• to promote the spirit of race, pride and love;
• to administer to and assist the needy;
• to reclaim the fallen of the race;
• to establish universities, colleges and secondary schools for the further education and culture of the boys and girls of the race;
• to conduct a worldwide commercial and industrial intercourse.
The first headquarters of the association was located at 30 Charles Street in Kingston. Later, the Association operated from the St. Mark's School, West Street, until premises at 76 King Street were bought to house Kingston's Liberty Hall. UNIA offices worldwide were known as Liberty Hall.
Garvey left for the United States in 1916 to undertake a lecture tour of that country. However, as it turned out he resided there until 1927 when he was deported. During this period, he worked assiduously to build and consolidate the UNIA into a truly international organization.
His efforts were successful, and by 1920, the association boasted over 1,100 branches in more than 40 countries. Most of these branches were located in the United States, which had become the UNIA's base of operations. There were, however, offices in several Caribbean countries, Cuba having the most. Branches also existed in places such as Panama, Costa Rica, Ecuador, Venezuela, Ghana, Sierra Leone, Liberia, Namibia and South Africa.
UNIA Auxilliary Groups
To further unite people of African ancestry and prepare them for self-reliance and mass action if necessary, auxillliary groups were formed within the UNIA. The African Legion, the Black Cross Nurses, The Universal Motor Corps, all uniformed groups, helped to foster dignity and self-worth in adults. A juvenile auxilliary served the same purpose for Black youth.
The Black nationalist ideals of the UNIA were executed through the organizations economic programme. Real political freedom, Garvey felt, would be facilitated by an independent economic base. thus, the independence suggested by Race First, Self-Reliance and Nationhood, would first have to be an economic independence. By linking the millions of Blacks in Africa, the Americas and elsewhere into one vast network of production, trade and political co-operation and eventual independence for the Black Race.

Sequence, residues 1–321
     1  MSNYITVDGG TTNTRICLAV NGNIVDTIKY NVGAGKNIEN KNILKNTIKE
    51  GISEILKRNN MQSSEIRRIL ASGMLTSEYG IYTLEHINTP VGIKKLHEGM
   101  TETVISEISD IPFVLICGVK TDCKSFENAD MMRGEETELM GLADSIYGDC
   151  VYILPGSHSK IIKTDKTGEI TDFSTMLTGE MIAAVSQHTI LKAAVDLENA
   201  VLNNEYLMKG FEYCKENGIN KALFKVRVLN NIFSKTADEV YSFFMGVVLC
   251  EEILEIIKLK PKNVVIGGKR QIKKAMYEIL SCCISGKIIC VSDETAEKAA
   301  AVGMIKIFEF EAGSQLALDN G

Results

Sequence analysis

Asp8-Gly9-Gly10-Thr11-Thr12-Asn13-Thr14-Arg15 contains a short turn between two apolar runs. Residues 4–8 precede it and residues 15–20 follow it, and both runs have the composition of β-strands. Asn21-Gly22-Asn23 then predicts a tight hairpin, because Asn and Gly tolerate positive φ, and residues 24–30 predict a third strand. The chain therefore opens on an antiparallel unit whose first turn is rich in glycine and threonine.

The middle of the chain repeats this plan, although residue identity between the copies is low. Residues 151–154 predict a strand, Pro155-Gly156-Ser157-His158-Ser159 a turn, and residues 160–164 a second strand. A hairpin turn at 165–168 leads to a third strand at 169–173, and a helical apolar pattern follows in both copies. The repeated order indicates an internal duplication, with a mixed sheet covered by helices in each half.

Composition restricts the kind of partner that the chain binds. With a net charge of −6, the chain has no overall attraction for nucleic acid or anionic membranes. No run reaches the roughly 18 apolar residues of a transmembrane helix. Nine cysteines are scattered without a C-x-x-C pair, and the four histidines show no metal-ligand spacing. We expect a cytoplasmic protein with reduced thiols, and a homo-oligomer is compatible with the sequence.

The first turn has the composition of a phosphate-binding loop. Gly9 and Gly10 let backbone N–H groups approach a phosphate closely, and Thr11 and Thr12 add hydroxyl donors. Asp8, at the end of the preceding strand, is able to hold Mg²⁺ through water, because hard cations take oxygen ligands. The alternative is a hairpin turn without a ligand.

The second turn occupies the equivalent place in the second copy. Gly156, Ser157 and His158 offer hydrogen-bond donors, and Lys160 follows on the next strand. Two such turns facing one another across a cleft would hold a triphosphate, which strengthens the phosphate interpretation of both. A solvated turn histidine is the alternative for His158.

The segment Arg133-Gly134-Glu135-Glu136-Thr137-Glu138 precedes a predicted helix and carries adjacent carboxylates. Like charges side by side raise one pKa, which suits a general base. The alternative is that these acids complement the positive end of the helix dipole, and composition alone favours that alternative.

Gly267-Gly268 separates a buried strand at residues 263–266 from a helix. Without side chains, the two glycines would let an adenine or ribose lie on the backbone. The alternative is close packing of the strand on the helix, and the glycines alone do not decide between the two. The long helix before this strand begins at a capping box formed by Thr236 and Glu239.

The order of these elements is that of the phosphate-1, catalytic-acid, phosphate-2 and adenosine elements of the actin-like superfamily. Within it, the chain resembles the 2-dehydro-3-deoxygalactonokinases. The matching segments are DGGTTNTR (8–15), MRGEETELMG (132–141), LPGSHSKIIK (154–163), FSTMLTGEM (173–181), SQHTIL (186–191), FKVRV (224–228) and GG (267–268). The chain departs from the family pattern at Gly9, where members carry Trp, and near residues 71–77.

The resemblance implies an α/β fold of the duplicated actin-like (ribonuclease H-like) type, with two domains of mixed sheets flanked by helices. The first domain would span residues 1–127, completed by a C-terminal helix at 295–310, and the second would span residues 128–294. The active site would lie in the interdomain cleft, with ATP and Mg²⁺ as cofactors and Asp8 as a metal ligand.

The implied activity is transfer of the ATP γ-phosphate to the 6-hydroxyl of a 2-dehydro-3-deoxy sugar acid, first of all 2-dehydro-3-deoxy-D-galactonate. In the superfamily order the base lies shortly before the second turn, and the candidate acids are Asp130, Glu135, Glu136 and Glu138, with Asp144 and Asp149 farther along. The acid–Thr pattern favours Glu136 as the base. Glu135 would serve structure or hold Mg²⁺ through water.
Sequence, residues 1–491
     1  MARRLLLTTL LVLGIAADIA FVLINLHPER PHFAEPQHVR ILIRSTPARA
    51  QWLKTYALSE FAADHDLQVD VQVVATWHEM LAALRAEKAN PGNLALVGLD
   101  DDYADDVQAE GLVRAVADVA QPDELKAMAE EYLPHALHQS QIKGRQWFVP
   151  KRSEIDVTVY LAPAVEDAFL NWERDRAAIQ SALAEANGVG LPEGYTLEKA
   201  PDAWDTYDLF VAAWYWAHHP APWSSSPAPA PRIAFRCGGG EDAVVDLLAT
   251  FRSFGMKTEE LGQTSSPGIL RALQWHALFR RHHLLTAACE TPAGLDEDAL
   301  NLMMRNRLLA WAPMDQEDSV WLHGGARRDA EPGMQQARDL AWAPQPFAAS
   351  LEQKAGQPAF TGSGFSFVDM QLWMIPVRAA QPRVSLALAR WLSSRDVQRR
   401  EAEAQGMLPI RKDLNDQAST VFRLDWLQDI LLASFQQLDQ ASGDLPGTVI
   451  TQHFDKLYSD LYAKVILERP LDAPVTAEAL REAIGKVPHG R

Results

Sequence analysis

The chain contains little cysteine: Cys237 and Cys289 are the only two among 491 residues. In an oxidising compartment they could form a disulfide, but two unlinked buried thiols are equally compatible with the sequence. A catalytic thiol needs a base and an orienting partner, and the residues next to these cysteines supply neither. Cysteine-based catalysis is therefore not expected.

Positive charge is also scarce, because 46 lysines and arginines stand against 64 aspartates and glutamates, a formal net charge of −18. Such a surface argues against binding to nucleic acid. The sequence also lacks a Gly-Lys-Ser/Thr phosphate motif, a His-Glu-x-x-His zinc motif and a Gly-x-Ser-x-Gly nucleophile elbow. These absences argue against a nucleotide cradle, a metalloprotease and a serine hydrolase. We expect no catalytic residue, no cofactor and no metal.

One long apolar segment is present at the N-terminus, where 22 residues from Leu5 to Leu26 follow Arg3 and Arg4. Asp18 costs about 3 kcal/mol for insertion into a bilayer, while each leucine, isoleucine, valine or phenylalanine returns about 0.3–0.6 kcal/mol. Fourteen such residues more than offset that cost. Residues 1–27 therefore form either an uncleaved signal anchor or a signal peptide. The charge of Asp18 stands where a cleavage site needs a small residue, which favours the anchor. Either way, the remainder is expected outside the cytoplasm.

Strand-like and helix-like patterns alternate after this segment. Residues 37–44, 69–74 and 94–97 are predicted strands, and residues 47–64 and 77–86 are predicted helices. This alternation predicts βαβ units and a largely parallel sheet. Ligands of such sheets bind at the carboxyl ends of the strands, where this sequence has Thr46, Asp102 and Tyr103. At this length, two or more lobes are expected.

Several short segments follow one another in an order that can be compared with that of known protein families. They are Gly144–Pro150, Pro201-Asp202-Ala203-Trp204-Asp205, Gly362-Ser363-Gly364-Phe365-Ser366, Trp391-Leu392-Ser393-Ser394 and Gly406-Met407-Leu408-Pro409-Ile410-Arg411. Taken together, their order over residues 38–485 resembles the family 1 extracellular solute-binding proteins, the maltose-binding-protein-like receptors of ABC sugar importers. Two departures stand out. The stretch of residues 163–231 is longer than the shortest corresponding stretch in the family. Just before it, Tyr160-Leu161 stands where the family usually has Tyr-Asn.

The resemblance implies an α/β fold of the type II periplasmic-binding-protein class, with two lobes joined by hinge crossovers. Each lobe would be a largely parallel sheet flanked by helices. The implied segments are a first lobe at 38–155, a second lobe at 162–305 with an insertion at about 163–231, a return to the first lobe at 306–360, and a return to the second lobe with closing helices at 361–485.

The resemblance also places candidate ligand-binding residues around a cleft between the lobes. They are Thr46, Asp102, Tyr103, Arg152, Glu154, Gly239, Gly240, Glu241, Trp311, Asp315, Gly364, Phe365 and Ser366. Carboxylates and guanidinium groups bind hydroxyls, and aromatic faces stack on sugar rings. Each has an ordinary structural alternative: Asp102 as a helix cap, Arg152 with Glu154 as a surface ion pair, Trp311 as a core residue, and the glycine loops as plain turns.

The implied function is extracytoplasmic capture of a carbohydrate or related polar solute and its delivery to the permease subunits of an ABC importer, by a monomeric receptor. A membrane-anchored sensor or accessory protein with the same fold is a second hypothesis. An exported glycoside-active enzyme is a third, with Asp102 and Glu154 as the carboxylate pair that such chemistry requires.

In an attempt to achieve this goal, the Black Star Line Steamship Corporation was launched in 1919. Between 1919 and 1925, the Black Star Line and its successor company the Black Cross Navigation and Trading Company, operated four ships which carried passengers and cargo between the USA and Cuba, Haiti, Jamaica, Costa Rica and Panama. This was the most ambitious venture undertaken by the UNIA.
Another venture of the UNIA – also started in 1919 – was the Negro Factories Corporation, which sought to, "build and operate factories in the big industrial centres of the United States, Central America, the West Indies and Africa to manufacture every marketable commodity."
A chain of grocery stores, a restaurant, a steam laundry, a tailor and dressmaking shop, a millinery store and a publishing house, were started. The UNIA identified good business opportunities and tried to interest Blacks in developing them, providing executive and technical expertise where necessary.
The first Convention of the UNIA, held in Harlem in 1920, significantly altered the course of the Association. A programme based on The Declaration of the Rights of the Negro Peoples of the World was adopted, marking the evolution of the movement into a Black nationalist one, seeking the upliftment of the Black race, encouraging self-reliance and nationhood and emphasizing that Blacks should put themselves first as other races do. The declaration detailed the injustices meted out to Blacks, especially in the United States, and condemned discrimination and the deprivation of the rights which were due to all people. These
rights were set out in a series of 54 Articles.
The document protested against the practice in the education system where-by Black children were taught white superiority and demanded that the word "Negro" be spelt with a capital "N" in keeping with the dignity and self-respect of the race. This particular campaign achieved success over the next 10 years.
The Official Colours Of The Government, Red, Black, And Green Were Also Endorsed.
by William Henry Jackson-Bey